The stairstack is nicely held together without a lot of crossword glue, LET US the only one that sticks out to me. Great to see RIGHT ANGLE, PAPER THIN, AEROSOL CAN, and DEFEATIST running through it, too! Great bonuses.

I often worry about puzzles featuring 7-letter answers, since those are tough to convert to great material. Stuff like ASPIRES is often much easier to work in than snazzy material like BIT PART. So I really enjoyed seeing TINA FEY, MOCKERY, AM RADIO. Good use of those mid-length slots.

Sectioning off the top left and bottom right is not ideal. I got stuck in the bottom right mini-puzzle, a tiny chunk that felt like a sub-puzzle disconnected from the rest. Didn't help that LAMOUR and ALBA were clued so they were in two of my areas of weak knowledge — that's Dorothy LAMOUR of the "Road to …" movies and Goya's "Duchess of ALBA." If only either Louis L'AMOUR or Jessica ALBA had been used (sad what that says about me ...).

Love the tricky ALAS clue, [Start of a Hamlet monologue]. I imagine I wasn't the only one to fill in TO BE.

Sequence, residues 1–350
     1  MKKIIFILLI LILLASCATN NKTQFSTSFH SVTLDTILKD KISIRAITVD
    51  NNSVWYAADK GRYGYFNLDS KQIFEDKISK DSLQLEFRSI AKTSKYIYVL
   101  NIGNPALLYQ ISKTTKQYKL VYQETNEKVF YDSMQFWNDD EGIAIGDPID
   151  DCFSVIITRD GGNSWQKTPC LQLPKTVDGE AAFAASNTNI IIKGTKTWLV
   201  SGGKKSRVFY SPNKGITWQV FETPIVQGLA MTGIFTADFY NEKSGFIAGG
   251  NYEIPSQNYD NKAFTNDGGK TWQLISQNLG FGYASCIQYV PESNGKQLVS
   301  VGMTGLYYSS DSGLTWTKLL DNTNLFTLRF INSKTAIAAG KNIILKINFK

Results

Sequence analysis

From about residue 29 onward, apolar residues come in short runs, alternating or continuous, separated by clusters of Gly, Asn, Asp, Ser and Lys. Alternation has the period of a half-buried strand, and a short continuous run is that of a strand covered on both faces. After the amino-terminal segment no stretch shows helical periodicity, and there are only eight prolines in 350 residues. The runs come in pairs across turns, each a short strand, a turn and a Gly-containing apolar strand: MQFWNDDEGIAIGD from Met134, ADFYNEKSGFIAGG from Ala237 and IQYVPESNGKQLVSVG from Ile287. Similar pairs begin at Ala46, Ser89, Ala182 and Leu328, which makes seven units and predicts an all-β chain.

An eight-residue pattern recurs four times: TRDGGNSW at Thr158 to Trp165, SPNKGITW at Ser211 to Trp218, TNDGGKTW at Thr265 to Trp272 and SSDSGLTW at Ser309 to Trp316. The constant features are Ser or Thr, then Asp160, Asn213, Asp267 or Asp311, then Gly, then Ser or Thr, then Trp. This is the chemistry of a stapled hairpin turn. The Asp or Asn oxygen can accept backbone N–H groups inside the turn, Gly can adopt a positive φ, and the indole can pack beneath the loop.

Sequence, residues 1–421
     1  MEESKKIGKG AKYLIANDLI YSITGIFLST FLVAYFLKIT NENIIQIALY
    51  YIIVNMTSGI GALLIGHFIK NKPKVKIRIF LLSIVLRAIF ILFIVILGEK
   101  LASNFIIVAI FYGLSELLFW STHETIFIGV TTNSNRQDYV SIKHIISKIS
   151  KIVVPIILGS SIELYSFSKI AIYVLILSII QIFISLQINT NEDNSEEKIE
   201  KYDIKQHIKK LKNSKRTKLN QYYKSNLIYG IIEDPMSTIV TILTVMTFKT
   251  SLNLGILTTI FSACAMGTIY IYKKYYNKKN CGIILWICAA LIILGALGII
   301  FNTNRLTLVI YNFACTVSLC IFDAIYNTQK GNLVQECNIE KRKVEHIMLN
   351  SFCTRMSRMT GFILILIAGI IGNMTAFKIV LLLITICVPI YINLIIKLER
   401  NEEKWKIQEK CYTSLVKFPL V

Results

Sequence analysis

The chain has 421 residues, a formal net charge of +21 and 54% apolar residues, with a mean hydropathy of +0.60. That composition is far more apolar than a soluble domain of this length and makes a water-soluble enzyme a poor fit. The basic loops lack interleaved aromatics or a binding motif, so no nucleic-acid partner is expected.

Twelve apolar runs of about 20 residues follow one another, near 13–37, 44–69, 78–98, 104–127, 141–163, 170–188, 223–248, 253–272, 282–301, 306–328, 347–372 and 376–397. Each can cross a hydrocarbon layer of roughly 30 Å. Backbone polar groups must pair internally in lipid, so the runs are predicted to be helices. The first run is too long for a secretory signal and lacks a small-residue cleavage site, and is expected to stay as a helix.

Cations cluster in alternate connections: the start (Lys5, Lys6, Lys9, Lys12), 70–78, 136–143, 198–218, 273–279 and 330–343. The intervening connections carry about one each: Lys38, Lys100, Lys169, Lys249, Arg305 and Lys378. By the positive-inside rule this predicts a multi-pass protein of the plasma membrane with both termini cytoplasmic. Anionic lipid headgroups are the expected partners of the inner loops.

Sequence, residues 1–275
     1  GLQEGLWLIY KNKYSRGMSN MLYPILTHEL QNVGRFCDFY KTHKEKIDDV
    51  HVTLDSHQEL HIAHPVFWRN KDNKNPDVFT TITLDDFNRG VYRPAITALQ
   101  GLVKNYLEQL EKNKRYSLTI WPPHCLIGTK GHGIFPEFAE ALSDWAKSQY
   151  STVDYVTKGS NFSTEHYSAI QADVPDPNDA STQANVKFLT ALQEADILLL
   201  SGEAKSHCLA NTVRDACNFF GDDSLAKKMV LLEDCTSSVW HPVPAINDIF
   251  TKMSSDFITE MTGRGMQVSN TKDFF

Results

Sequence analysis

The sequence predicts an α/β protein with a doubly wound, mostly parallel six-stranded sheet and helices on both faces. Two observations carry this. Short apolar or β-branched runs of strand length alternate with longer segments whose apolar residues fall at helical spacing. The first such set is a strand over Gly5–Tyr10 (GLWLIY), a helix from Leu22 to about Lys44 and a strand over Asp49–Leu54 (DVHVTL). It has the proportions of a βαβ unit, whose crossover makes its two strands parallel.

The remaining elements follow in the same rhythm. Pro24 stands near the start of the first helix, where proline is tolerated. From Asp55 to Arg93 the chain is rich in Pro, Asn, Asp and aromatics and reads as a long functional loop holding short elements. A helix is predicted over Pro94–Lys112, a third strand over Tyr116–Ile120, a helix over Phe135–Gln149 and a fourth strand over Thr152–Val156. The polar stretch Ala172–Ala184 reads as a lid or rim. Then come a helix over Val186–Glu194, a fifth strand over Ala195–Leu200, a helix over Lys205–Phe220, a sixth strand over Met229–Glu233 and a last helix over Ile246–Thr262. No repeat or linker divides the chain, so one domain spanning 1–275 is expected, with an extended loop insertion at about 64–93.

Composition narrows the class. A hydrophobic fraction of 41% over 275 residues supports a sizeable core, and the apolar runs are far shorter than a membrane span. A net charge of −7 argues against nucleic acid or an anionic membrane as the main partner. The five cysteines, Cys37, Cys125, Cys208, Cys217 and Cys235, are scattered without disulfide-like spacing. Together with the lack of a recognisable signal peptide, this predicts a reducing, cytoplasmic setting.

A couple of little dabs of crossword glue in ITAL, ENG, but they were so minor. All in all, quite a bit of good material with not a lot of subpar fill. Looking forward to more from Lily!

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© 2016, The New York TimesNo. 0730 ( 24,371 )
Across Down
1. Ridiculous imitation : MOCKERY
8. Basis of a patent : NEWIDEA
15. Traffic report source, often : AMRADIO
16. Something John Adams and John Quincy Adams each had : ONETERM
17. Change, as allegiances : REALIGN
18. "Mean Girls" screenwriter : TINAFEY
19. Close to, colloquially : INWITH
20. Sell : PEDDLE
21. Means of communication since 1817, in brief : ASL
22. Some receptions : TEAS
24. Wonder : AWE
27. Surgeon's tool : CLAMP
29. Charles who created murals for Harlem Hospital and the American Museum of Natural History : ALSTON
32. Start of many a romantic comedy : CHANCEMEETING
34. 1922 Kafka short story : AHUNGERARTIST